A report prepared for Miami-Dade County officials in Florida raises questions about water quality affecting the Biscayne Bay associated with operations at the Florida Power and Light (FPL) Turkey Point nuclear power plant and its canal system that is used for cooling.
FPL is a major utility subsidiary of NextEra Energy (NYSE:NEE) and it operates a cooling water canal system at Turkey Point.
The cooling canal was built in the early 1970s and serves as a heat sink for the power plant. It also receives industrial waste water discharges from plant operations.
The report says that as a result of the evaporation process, chemical constituents in cooling canal water such as dissolved salts become more concentrated.
The report says that long-term monitoring data indicate that the water quality within the cooling canal system “has deteriorated over time.”
While the canal provides a “closed loop” system, which is not directly attached to adjoining surface waters, the porous geography of the Biscayne aquifer allows water from the cooling system to move freely through the ground beyond the limits of the canal system.
In 2008, FPL got approved from the Nuclear Regulatory Commission (NRC) to uprate, or to increase the generating capacity of the nuclear power units. As part of that approval FPL implemented enhanced water monitoring.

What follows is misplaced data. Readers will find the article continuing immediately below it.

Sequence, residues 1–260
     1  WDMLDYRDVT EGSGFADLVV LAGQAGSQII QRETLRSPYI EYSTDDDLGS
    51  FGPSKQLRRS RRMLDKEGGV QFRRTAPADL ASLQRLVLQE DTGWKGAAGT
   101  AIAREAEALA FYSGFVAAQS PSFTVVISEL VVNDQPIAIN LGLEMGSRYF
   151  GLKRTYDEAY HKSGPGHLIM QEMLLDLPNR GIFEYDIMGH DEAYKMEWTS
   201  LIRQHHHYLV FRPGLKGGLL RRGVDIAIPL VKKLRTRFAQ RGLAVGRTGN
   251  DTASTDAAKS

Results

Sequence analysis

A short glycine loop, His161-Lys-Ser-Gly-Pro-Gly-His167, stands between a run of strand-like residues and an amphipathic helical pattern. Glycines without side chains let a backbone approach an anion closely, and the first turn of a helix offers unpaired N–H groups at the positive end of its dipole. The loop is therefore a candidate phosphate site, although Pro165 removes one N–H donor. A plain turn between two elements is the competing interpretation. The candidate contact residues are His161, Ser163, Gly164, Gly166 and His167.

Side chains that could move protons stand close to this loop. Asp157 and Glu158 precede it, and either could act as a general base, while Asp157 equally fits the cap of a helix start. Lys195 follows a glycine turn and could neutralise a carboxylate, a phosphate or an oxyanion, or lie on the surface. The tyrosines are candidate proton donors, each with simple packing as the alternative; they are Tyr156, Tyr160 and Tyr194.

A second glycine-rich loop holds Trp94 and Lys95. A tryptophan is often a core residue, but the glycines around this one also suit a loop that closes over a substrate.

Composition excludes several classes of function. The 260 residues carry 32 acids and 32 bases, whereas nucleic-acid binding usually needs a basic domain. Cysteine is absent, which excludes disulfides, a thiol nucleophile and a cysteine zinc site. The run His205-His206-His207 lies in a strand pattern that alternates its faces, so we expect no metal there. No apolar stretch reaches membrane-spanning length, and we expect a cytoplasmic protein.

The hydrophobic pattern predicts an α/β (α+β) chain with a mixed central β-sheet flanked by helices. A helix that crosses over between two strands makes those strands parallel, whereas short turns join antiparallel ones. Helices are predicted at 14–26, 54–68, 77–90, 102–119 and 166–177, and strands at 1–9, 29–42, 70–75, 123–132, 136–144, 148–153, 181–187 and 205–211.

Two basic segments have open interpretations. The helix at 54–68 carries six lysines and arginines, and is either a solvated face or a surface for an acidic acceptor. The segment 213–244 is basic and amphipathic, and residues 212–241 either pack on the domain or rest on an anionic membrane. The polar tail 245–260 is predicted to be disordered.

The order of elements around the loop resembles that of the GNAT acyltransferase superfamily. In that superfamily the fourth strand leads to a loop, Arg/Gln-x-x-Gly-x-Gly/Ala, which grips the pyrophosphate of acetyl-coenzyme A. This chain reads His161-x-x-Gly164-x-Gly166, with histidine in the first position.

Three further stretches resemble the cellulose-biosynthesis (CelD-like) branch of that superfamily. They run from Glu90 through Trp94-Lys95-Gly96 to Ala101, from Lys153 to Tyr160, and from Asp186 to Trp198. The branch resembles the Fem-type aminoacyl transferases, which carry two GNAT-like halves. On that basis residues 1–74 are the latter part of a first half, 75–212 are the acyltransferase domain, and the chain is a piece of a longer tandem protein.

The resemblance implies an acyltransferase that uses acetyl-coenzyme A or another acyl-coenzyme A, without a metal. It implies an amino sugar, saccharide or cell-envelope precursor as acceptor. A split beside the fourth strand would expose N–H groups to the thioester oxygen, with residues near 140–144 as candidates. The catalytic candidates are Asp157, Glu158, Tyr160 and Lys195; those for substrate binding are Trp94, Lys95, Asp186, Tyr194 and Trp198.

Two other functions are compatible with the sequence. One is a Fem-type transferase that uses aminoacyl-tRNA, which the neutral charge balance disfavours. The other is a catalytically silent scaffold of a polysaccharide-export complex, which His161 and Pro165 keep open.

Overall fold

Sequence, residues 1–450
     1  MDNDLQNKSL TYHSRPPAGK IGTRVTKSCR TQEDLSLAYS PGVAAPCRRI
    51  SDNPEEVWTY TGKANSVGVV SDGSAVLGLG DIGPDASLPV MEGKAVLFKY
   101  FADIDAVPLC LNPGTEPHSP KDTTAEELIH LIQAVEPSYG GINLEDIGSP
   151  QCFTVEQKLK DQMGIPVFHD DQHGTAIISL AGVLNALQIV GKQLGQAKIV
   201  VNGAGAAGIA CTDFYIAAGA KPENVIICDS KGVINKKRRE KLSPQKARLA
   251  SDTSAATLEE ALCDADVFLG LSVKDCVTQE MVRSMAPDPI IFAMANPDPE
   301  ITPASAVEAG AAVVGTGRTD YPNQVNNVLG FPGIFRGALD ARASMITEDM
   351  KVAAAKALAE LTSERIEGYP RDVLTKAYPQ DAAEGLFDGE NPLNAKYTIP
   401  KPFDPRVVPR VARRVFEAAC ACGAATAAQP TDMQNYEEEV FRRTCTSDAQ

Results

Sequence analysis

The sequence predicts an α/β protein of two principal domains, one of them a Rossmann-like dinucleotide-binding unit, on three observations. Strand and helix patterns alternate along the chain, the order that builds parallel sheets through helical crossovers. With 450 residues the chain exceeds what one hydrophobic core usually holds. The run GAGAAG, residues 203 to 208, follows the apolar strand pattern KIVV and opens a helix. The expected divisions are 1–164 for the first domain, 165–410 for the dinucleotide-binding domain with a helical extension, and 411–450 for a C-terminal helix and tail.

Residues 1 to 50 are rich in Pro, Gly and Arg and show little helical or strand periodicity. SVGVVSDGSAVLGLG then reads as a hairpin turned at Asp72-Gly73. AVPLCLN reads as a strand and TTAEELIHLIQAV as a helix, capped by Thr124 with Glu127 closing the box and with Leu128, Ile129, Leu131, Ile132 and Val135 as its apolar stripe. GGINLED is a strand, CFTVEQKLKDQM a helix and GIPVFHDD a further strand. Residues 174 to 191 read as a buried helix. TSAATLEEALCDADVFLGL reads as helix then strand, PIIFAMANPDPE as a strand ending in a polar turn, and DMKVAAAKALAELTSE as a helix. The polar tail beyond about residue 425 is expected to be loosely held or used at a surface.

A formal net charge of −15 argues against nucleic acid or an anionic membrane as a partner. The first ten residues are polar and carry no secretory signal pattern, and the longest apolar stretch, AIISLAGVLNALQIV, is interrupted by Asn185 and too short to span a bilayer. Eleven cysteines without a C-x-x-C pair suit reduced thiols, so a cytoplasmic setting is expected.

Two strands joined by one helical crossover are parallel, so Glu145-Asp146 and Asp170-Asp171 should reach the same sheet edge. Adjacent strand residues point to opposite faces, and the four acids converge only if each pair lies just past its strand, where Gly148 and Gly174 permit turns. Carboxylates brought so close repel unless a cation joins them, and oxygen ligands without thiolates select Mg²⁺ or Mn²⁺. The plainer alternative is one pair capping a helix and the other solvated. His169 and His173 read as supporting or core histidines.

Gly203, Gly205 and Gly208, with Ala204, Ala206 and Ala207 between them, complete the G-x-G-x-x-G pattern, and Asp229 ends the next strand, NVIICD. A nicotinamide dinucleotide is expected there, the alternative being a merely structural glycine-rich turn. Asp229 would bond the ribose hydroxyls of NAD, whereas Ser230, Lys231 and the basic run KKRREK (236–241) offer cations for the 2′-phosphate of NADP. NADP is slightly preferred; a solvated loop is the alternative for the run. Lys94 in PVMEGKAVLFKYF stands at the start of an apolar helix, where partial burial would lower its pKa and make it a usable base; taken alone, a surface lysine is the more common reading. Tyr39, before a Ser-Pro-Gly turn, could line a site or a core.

By the summer of 2014, salinity levels in the cooling canal had reached a record high of more than 100 practical salinity units, or more than three times the typical levels for Biscayne Bay.
Also intake water temperature in the system had exceeded the federal operating license standard of 100 degrees F, reaching 102 degrees.
FPL has taken several measures in an attempt to address this. By December 2015, salinity levels in the canal system had decreased to 34 practical salinity units. That was achieved after additional water had been pumped into the canal and also after unusually heavy rain.
During the course of these efforts, FPL had gotten local government approval located pipes, used for pumping additional water, in nearby wetland areas. But that permission will expire after May 31, 2016 unless re-authorized.
NRC has also examined water issues at the canal in the past.
The two Turkey Point nuclear units are pressurized water reactors (PWRs) that are licensed to operate until 2032 and 2033.